• Controls other smart devices and home entertainment devices too.
  • Routines let you orchestrate activities across devices.
  • Temperature and humidity sensors can be used to automate starting and stopping of the fan.


  • Not compatible with Apple HomeKit
  • Can take some time to set up via the app.
  • Requires line of sight (LoS) to the devices to work.

Where To Buy It

Learn more about Broadlink RM4 Pro at Amazon.

Way #3: Install a Smart Wall Switch

GE makes a solid, smart fan switch called GE Enbrighten Z-Wave Plus that is designed for the sole purpose of making your dumb ceiling fan smart.

This, quite frankly, is one of the easiest ways go if your existing ceiling fan doesn’t have an RF remote already. You could replace the fan outright, sure (I’ll cover this next), BUT a smart switch will let you convert that dumb old or non-RF fan more cheaply.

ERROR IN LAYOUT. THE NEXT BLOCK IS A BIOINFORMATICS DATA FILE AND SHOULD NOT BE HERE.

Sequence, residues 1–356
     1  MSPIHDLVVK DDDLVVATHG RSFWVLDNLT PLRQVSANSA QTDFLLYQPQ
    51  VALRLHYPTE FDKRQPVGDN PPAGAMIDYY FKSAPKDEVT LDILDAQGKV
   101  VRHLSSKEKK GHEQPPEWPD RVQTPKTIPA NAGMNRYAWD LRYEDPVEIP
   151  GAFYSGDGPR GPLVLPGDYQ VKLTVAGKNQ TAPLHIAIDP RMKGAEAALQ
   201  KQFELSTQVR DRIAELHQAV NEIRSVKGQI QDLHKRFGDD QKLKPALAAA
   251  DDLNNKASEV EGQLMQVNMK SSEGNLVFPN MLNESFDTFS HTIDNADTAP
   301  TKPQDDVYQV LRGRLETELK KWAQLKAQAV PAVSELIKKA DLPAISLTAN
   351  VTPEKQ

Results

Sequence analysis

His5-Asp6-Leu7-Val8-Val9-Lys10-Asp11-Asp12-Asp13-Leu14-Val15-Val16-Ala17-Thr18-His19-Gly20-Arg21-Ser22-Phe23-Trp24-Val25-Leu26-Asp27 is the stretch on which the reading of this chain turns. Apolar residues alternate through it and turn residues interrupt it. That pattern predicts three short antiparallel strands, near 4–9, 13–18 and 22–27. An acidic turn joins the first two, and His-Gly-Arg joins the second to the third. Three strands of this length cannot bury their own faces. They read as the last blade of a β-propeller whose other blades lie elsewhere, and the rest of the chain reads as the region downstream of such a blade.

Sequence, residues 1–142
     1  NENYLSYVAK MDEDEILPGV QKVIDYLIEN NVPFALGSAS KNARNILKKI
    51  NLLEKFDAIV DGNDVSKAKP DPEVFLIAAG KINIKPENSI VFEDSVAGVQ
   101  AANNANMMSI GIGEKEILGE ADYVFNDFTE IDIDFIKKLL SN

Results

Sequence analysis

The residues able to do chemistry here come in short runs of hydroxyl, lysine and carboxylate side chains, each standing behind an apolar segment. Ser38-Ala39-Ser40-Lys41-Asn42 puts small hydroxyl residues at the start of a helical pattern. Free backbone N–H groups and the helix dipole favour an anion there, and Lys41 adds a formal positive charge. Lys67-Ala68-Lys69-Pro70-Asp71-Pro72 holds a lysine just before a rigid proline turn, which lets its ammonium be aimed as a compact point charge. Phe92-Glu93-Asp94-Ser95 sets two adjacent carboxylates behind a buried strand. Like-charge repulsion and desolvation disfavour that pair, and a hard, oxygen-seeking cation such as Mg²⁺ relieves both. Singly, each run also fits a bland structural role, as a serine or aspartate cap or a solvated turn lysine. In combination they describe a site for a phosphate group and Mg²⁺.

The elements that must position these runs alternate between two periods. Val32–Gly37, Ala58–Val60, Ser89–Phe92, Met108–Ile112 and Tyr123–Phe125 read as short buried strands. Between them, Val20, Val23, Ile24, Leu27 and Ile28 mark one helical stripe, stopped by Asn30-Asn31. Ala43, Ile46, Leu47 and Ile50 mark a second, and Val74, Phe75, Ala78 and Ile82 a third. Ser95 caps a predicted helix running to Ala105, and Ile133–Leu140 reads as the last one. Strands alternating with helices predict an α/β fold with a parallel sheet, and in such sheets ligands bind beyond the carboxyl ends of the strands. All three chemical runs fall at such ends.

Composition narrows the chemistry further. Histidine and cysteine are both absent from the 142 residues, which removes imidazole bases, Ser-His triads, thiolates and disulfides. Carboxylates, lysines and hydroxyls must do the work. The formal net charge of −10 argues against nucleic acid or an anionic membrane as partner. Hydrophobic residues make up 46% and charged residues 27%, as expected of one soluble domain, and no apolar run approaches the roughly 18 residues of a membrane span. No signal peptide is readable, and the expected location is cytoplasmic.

The GE dedicated wall switch lets you control your fan using Alexa-compatible devices.

Why It’s Cool

A smart switch (i.e., a wall switch) will let you convert old-school non-RF fans at a very affordable price.

Video Review

Check out this helpful review from Two Bit GADGETS.


  • Works with Alexa for voice control.
  • Compatible with many Z-Wave-certified hubs: Samsung SmartThings, Pulse, Trane, Nexia, Honeywell, Homeseer, Harmony, Vera, Connect, and Iris.
  • App lets you control the on/off and speed of the fan [low, medium, and high] using your smartphone or tablet.
  • You can set schedules via the app.


  • Requires an electrician to install.